Each subject in this study had a 3D magnetic resonance image (MRI) scan of the brain using a 3.0 Tesla (minimum) MRI scanner followed by volumetric analysis of the image using NQ. The protocol for scanning can be found on the NQ website (www.cortechlabs. net). Each brain MRI was uploaded to the NQ server and processed, resulting in a full-volume, spatially corrected and anatomically labeled dataset containing the absolute and relative volumes on 11 brain regions, with left and right hemispheres reported separately. All mapping outputs were visually inspected for segmentation irregularities.
All volumetric data analyzed were in the normalized format of intracranial volume percentage. Comparison of the control group vs. the untreated group for each structure was assessed using a twosided sample t-test and a Holm-Bonferroni stepwise multiple test correction. For each structure that showed a significant difference by t test, we applied an ANOVA followed by a Tukey-Kramer post hoc analysis to determine if significant differences persisted across different stages of treatment. The null hypotheses for comparison between the different treatment stages was that there would be no difference (H0 = treatment would not correct volumes).


Controls vs. untreated CIRS-WDB patients
Comparison of medical controls (n=23) against untreated patients (n=28) revealed a number of statistically significant differences by t test (Table 1). Specifically, untreated CIRS-WDB patients had significant enlargement in both hemispheres, or bilaterally, of forebrain parenchyma, cortical gray and pallidum, as well as significant bilateral diminishment of the caudate nucleus, compared to controls (Figure 1). The change in forebrain was small but as it comprises 31% of the volume inside the skull as measured in controls, even a small change in that structure can impact intracranial pressure. The pallidum exhibited the largest degree of change at a 20% increase in size, followed closely by the lateral ventricle with a 19% reduction. The caudate was also reduced 13%, which is interesting since the caudate and pallidum are elements of the basal ganglia, and lay along the lateral ventricle. Although these are smaller structures and do not contribute much to the overall volume inside the skull (raw data found in Supplementary Table 1), their change is dramatic and may point to the basal ganglia as having increased sensitivity in CIRS-WDB.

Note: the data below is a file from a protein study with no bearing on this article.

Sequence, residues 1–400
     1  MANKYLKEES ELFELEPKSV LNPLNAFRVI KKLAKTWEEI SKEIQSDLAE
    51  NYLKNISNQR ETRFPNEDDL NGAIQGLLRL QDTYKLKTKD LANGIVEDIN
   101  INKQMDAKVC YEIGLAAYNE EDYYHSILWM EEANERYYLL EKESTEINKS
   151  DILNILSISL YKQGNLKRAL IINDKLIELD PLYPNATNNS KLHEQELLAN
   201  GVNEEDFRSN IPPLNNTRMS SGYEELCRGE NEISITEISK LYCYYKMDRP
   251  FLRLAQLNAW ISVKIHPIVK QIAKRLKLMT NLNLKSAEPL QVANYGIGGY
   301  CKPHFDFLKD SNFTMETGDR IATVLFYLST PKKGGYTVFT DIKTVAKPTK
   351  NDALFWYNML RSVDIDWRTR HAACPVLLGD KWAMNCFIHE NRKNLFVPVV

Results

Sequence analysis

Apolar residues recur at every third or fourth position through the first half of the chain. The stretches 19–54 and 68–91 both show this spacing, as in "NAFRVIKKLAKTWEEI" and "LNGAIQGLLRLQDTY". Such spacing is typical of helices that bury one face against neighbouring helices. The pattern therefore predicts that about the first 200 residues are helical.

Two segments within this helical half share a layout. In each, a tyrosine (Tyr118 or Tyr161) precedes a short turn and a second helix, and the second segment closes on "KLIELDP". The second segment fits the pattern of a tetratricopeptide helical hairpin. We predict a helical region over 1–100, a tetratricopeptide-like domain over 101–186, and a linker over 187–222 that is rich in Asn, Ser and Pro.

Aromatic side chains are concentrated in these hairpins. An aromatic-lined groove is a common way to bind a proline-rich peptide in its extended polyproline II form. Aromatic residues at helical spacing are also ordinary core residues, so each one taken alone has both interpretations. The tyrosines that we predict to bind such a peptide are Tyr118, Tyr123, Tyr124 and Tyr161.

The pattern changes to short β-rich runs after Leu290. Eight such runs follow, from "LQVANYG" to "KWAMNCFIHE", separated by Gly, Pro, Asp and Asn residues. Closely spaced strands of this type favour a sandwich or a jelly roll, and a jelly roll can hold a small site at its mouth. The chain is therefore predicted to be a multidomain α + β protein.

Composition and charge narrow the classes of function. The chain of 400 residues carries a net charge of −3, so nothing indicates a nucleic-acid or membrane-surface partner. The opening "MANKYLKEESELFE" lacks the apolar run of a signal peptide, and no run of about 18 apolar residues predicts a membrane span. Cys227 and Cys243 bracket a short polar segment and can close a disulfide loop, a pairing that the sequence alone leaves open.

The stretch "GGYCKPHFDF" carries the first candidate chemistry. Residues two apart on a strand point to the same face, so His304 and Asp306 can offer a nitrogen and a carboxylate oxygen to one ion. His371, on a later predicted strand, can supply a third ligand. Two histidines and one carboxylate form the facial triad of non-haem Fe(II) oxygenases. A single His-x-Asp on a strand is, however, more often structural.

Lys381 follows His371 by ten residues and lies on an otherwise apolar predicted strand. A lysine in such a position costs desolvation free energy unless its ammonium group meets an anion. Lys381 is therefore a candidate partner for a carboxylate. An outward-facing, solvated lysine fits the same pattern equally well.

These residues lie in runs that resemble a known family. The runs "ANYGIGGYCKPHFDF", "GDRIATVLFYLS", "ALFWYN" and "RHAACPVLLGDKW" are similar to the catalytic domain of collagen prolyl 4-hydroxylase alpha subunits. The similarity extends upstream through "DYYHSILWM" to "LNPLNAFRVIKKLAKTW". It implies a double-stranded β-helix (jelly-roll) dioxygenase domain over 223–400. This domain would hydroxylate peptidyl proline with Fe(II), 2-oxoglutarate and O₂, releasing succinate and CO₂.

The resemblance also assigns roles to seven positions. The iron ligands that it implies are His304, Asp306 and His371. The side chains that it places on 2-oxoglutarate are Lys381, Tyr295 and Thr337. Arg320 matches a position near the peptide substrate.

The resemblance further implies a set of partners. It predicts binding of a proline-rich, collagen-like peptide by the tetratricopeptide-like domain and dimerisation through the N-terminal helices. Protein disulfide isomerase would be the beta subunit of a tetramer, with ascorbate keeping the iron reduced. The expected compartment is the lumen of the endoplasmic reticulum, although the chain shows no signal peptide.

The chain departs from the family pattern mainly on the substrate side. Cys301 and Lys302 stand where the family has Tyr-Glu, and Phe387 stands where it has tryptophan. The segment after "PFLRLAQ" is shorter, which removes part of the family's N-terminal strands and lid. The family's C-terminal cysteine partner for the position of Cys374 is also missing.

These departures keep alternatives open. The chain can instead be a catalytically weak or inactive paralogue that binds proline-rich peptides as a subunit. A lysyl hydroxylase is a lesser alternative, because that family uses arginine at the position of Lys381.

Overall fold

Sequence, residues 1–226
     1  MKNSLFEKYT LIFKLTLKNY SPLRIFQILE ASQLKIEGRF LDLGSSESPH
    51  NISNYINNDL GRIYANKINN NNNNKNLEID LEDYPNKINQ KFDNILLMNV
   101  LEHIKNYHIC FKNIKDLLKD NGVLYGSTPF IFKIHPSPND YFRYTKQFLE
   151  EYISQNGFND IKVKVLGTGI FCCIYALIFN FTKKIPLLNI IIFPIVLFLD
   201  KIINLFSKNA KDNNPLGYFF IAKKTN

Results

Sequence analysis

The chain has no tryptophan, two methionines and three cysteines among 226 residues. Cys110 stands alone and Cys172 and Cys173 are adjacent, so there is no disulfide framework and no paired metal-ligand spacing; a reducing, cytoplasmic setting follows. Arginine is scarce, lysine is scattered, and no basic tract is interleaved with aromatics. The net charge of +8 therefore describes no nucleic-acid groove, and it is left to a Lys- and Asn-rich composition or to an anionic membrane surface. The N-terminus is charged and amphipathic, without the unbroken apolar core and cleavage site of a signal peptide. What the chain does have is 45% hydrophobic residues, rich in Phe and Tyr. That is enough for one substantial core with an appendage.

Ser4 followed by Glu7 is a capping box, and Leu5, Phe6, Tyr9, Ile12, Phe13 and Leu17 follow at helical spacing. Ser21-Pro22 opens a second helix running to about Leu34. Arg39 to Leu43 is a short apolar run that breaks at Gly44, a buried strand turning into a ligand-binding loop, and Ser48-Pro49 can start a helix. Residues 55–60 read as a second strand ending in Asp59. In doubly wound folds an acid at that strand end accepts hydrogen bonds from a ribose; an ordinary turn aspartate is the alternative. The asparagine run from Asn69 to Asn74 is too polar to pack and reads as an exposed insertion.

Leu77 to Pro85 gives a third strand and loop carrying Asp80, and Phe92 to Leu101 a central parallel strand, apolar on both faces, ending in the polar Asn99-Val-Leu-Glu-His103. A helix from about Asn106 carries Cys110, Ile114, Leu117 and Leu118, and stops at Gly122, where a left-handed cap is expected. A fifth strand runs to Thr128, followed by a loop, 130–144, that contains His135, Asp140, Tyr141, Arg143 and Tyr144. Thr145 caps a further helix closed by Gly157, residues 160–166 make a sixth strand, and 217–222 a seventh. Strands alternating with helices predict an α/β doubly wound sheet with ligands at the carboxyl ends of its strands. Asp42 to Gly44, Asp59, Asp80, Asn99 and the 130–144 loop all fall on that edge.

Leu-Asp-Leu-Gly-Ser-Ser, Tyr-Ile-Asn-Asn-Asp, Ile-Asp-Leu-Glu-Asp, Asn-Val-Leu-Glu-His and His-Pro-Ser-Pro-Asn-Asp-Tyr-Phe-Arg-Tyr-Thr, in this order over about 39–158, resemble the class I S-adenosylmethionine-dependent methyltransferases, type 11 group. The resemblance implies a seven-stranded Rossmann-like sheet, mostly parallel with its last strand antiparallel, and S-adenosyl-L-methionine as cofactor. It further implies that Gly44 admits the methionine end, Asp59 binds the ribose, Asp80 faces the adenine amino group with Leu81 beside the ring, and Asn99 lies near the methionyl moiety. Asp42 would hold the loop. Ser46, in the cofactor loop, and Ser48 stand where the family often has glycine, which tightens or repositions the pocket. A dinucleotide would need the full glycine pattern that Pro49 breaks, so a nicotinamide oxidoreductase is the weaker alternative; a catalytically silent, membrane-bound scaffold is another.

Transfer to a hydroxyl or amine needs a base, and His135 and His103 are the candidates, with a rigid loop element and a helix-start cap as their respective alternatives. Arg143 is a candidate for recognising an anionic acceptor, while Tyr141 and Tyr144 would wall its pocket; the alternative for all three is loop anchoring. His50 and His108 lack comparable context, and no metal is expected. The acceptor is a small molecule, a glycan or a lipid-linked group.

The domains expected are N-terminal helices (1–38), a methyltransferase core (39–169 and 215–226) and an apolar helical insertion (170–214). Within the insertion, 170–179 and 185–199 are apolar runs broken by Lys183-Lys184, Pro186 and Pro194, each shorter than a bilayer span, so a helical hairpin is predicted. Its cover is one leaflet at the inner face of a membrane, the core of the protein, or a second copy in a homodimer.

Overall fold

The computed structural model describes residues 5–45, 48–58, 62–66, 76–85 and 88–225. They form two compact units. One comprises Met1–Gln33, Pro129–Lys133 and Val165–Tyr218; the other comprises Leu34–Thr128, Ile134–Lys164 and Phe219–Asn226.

Figure 1: Changes in brain structure volumes normalized to controls. Changes between controls and patients for all three treatment groups are reported as a percentage of control values.
Table 1: T test p values for brain structures of controls vs untreated subjects. Shading indicates significance after multiple test correction.
Comparison of patients during different phases of treatment
To determine if treatment had any effect on the four significantly changed structures identified in CIRS-WDB patients (Table 1), an ANOVA was performed using controls, untreated patients, partially treated patients and fully treated patients. The ANOVA was run using both hemispheric distinction, e.g., left caudate and right caudate were separate tests, as well as combined, where the measurements were binned only by structure and not distinguished by hemisphere. When the structures are not distinguished by hemisphere, it effectively doubles the number of data points (using L+R, instead of segregating L and R as different) for the test. The results of the ANOVA Table 2 show a significant diminution of forebrain and cortical gray swelling in fully treated patients compared to untreated. The caudate was resistant to treatment and although the pallidum decreased in size, the improvements were not statistically significant between untreated and fully treated patients. It is noteworthy to add that when fully treated patients were compared to controls in the ANOVA using L and R distinctions, no significant differences were noted for all the structures that showed significant changes between controls and untreated. When removing the L and R distinction on structures, only the caudate remained significantly different between controls and fully treated patients.
Table 2: ANOVA Results. P values from ANOVA run on forebrain (FB), cortical gray (CG) caudate nucleus (Caud) and pallidum (Pal). Values are reported for each hemisphere individually (left or right, L&R respectively) and with both hemispheres combined (C). Shaded cells indicate significant changes.